To sustain their own faltering economies, the imperialists are compelled to ‘open up’ and privatise the state assets of what Lenin called the ‘oppressed nations’, those which may be capitalist but are either ‘colonised’ by imperialist capital or retain independence from imperialist control (whereas the likes of Saudi Arabia, Israel and Turkey are ‘client states’ or allies of imperialism). This is why imperialism inflicted destruction and ‘regime change’ on Iraq and Libya, and why it is trying to do the same to Syria (at first by arming al-qaeda and ISIS in a proxy war against President Assad, but more than a dozen countries have also been bombing Syria). So much for respecting sovereignty and the right to self-determination. Indeed, it is hard to resist the feeling that the NATO airstrikes that killed 62 Syrian soldiers (“by mistake”, of course) could turn out to be WW3’s ‘Franz Ferdinand’ moment. But in the past two years, the greatest build-up of military forces since WW2 – led by the US – has been taking place along Russia’s western frontier. Not to mention the imperialist encirclement of China (see the John Pilger film, The Coming War on China). It is obvious who the aggressor is. Meanwhile, despite its own banking crisis, European imperialism has been ‘catching up’ with the economic wealth of the US – fostering emerging splits in NATO and potential new alliances between France, Germany and Russia.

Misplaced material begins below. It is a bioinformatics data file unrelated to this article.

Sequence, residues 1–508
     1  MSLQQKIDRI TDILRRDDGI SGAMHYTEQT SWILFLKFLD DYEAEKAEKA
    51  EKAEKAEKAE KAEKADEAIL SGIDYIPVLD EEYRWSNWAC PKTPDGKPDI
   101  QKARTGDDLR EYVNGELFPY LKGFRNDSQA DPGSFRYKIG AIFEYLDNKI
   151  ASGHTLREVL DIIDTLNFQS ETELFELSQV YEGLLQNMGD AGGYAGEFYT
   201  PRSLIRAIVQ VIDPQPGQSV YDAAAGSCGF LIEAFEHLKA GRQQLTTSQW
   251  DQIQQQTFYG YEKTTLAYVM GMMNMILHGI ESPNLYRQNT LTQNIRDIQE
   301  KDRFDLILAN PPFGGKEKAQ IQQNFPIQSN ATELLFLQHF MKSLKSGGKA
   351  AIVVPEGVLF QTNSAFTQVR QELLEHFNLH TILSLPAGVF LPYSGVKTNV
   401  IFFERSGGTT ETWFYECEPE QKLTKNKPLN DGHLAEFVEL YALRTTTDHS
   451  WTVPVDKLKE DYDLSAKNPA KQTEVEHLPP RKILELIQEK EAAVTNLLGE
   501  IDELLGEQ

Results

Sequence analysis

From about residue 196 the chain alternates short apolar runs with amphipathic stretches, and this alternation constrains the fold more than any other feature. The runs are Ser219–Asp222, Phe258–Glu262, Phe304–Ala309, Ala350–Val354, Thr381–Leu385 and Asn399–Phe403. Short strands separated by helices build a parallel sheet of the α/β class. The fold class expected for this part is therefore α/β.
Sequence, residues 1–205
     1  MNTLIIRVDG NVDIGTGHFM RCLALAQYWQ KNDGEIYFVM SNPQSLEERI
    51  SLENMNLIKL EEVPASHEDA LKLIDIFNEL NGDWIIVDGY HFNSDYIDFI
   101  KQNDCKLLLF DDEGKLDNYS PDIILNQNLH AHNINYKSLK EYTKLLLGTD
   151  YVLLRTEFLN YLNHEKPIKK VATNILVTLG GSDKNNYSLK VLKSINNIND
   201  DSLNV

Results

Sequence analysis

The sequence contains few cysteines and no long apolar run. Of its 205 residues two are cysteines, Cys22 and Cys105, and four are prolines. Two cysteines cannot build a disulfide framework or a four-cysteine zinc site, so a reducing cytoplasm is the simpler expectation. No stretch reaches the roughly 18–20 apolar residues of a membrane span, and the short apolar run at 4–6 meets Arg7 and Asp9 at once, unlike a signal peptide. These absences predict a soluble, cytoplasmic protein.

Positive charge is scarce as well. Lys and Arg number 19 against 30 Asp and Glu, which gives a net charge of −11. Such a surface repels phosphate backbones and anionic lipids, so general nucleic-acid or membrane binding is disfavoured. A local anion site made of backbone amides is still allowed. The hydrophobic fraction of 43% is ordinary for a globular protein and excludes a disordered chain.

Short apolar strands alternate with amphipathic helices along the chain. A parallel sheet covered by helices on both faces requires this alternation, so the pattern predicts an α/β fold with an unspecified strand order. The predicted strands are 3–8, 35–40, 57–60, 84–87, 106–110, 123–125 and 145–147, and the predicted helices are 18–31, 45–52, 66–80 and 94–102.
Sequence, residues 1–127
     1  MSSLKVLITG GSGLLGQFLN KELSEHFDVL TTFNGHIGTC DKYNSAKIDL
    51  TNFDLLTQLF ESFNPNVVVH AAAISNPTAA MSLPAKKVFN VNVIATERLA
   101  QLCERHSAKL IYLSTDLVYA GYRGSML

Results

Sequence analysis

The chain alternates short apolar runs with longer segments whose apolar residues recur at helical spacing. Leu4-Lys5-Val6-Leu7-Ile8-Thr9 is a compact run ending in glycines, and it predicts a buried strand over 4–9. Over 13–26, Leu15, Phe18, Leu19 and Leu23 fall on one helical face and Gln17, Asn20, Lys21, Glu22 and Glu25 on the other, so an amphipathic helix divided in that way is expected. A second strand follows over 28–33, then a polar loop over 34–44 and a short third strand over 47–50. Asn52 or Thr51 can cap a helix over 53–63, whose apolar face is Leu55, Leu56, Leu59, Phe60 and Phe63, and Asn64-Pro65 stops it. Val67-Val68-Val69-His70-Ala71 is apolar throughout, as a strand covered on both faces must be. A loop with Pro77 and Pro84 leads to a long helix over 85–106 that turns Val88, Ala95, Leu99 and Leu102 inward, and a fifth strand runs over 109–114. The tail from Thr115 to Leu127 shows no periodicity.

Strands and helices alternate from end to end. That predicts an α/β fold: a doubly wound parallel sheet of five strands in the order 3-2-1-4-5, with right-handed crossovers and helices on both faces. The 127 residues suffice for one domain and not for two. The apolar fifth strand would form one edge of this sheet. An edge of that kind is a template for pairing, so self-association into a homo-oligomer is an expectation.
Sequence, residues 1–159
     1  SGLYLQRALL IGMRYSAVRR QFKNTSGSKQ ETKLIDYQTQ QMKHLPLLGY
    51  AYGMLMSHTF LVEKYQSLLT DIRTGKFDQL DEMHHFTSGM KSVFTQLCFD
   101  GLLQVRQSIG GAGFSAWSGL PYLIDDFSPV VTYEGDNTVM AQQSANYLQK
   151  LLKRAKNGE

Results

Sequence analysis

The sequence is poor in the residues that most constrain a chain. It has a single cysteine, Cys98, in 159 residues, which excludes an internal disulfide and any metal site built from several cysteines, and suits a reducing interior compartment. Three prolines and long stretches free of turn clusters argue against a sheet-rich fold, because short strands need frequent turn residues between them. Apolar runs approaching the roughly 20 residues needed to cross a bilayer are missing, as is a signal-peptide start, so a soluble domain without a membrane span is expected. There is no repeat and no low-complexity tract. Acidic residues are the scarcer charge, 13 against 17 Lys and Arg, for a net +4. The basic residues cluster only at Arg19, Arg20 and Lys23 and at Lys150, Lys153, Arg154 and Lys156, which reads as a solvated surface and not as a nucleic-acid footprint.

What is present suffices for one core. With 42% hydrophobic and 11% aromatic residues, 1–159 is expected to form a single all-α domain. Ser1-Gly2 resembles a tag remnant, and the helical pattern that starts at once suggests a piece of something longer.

Brexit may seem like the kind of moment that triggers a series of events leading to a new world war, but the referendum vote was largely an expression of capitalism’s unending crisis. In the absence of real, credible and influential socialist parties exposing economic truths, some sections of the working classes have been led to believe that living standards have fallen because of globalisation and immigration. Crypto-fascists like Trump, Theresa May and Marine Le Pen have been the beneficiaries. With several ultra-nationalist parties already governing across Europe, liberalism is indeed once again enabling a frightening rise in barely opposed and ‘legitimate’ far right power.